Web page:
Get the Facts About Vaccines

Knowing the facts about vaccines can help you make informed decisions for yourself and your family. Vaccination has been a source of controversy in recent years, so it’s important to understand vaccines and why they matter to your family.

How Many People Get Vaccinated?

According to the Centers for Disease Control and Prevention (CDC), about 71 percent of children 19- to 35-months old follow the recommended series of seven vaccines. According to the CDC, when it comes to the human papillomavirus (HPV) vaccine, this number drops to 60 percent for teenage girls and 50 percent for teenage boys. HPV is a virus known to cause several types of cancer, most notably cervical cancer.

The Benefits of Vaccination

Many diseases, such as influenza, measles and chicken pox can be prevented thanks to vaccines that are available today. According to UNICEF, one-third of deaths in children under age 5 could have been prevented by vaccination.

Some preventable diseases can be deadly, especially in infants and people with compromised immune systems. According to the CDC, before the diphtheria-tetanus-pertussis (DTaP) vaccine was routinely given to infants in the U.S., about 8,000 people died yearly from pertussis, commonly known as whooping cough. But today, that number has dropped to fewer than 20 deaths annually.

Community, or herd, immunity happens when the majority of a population becomes immune to a disease through wide-spread vaccination. This means opportunity for disease transmission is rare, even for people who are not able to be vaccinated. However, pertussis is a wily disease that spreads easily, decreasing the effectiveness of community immunity to protect the unvaccinated. Diseases that have high r-nought numbers, meaning they are highly transmissible, are also difficult to control with community immunity. Highly transmissible diseases include measles and mumps.

The Recommended Vaccination Schedule

The CDC provides a recommended immunization schedule for children younger than 18. The schedule can be a helpful guideline, but always speak with your doctor to determine individualized needs. Recommended immunizations include:

  • Newborns
    • Hepatitis B
  • 2-months old
    • Rotavirus
    • DTaP
    • Haemophilus influenzae type b (Hib)
    • Pneumococcal conjugate vaccines (PCV13)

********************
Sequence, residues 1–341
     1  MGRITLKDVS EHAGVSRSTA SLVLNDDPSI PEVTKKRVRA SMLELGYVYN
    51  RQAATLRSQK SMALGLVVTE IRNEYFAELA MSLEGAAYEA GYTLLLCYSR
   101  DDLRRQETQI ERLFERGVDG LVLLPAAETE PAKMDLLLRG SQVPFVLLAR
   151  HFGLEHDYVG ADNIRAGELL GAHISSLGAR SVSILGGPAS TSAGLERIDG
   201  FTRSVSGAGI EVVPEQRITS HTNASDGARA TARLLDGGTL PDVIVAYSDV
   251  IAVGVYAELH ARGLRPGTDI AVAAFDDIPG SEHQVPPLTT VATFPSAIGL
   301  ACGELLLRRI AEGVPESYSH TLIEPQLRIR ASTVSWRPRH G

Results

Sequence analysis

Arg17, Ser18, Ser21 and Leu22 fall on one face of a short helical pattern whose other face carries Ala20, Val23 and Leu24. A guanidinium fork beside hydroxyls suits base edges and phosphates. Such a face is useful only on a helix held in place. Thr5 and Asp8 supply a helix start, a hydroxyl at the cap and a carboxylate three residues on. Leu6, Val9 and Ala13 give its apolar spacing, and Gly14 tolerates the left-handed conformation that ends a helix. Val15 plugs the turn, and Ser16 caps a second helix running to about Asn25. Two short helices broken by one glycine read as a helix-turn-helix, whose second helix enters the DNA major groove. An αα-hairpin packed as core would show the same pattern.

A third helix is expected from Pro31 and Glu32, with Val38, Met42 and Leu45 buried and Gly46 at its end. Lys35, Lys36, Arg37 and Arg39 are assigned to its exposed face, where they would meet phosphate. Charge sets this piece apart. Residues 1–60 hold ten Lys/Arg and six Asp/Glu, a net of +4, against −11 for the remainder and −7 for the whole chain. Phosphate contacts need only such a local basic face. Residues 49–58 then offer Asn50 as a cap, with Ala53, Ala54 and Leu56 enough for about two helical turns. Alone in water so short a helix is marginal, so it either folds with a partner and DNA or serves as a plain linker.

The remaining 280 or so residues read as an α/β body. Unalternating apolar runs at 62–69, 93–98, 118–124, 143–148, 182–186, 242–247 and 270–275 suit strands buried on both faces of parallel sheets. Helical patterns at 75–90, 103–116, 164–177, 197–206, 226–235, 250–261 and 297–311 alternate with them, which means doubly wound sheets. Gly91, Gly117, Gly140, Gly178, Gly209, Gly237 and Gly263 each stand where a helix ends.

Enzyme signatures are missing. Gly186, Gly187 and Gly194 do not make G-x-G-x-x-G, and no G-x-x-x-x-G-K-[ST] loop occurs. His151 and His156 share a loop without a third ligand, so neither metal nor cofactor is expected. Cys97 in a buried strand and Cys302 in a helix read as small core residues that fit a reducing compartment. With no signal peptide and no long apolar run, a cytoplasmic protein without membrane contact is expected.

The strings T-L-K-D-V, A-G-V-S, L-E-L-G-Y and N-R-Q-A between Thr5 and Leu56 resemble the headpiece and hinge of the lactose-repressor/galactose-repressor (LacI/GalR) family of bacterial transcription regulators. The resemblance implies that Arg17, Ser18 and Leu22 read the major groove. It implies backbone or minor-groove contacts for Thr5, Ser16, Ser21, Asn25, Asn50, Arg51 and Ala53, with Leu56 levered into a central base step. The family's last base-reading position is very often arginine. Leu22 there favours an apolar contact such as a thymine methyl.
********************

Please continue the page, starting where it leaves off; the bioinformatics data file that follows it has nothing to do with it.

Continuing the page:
• Polio
  • 6-months old
    • Flu
  • 12-months old
    • Measles, mumps, rubella (MMR}
    • Chicken pox
    • Hepatitis A
  • 11- or 12-years old
    • Meningococcal
    • Tetanus, diphtheria and acellular pertussis (Tdap)
    • Human papillomavirus (HPV)

While most vaccinations are administered during childhood, the CDC also recommends vaccines for adults including a yearly influenza shot, a tetanus and diphtheria booster once every 10 years and a herpes zoster (i.e., shingles) vaccine when you turn 60.

The Potential Risks of Vaccination

Worried about vaccination side effects? Potential risks include low-grade fever, tiredness along with redness, soreness or swelling of the injection site. The Food and Drug Administration (FDA) says that while rare, more serious side effects include high fever, seizures, severe allergic reactions and brain damage. The flu vaccine may cause mild flu-like symptoms.

The CDC lists allergic reaction rates for specific vaccines. For example, mild side effects like pain at the injection site and low-grade fever occur in about 25 percent of kids receiving the DTaP vaccine, while serious allergic reactions happen a rate less than one in a million doses given.

Vaccines are generally safe for most people. However, your doctor may suggest holding off if you or your child suffer from severe allergic reactions, have a weakened immune system, are pregnant or have certain health conditions. Not all vaccines are recommended for all ages, so learn the facts about vaccines and talk with your doctor to determine what is appropriate.

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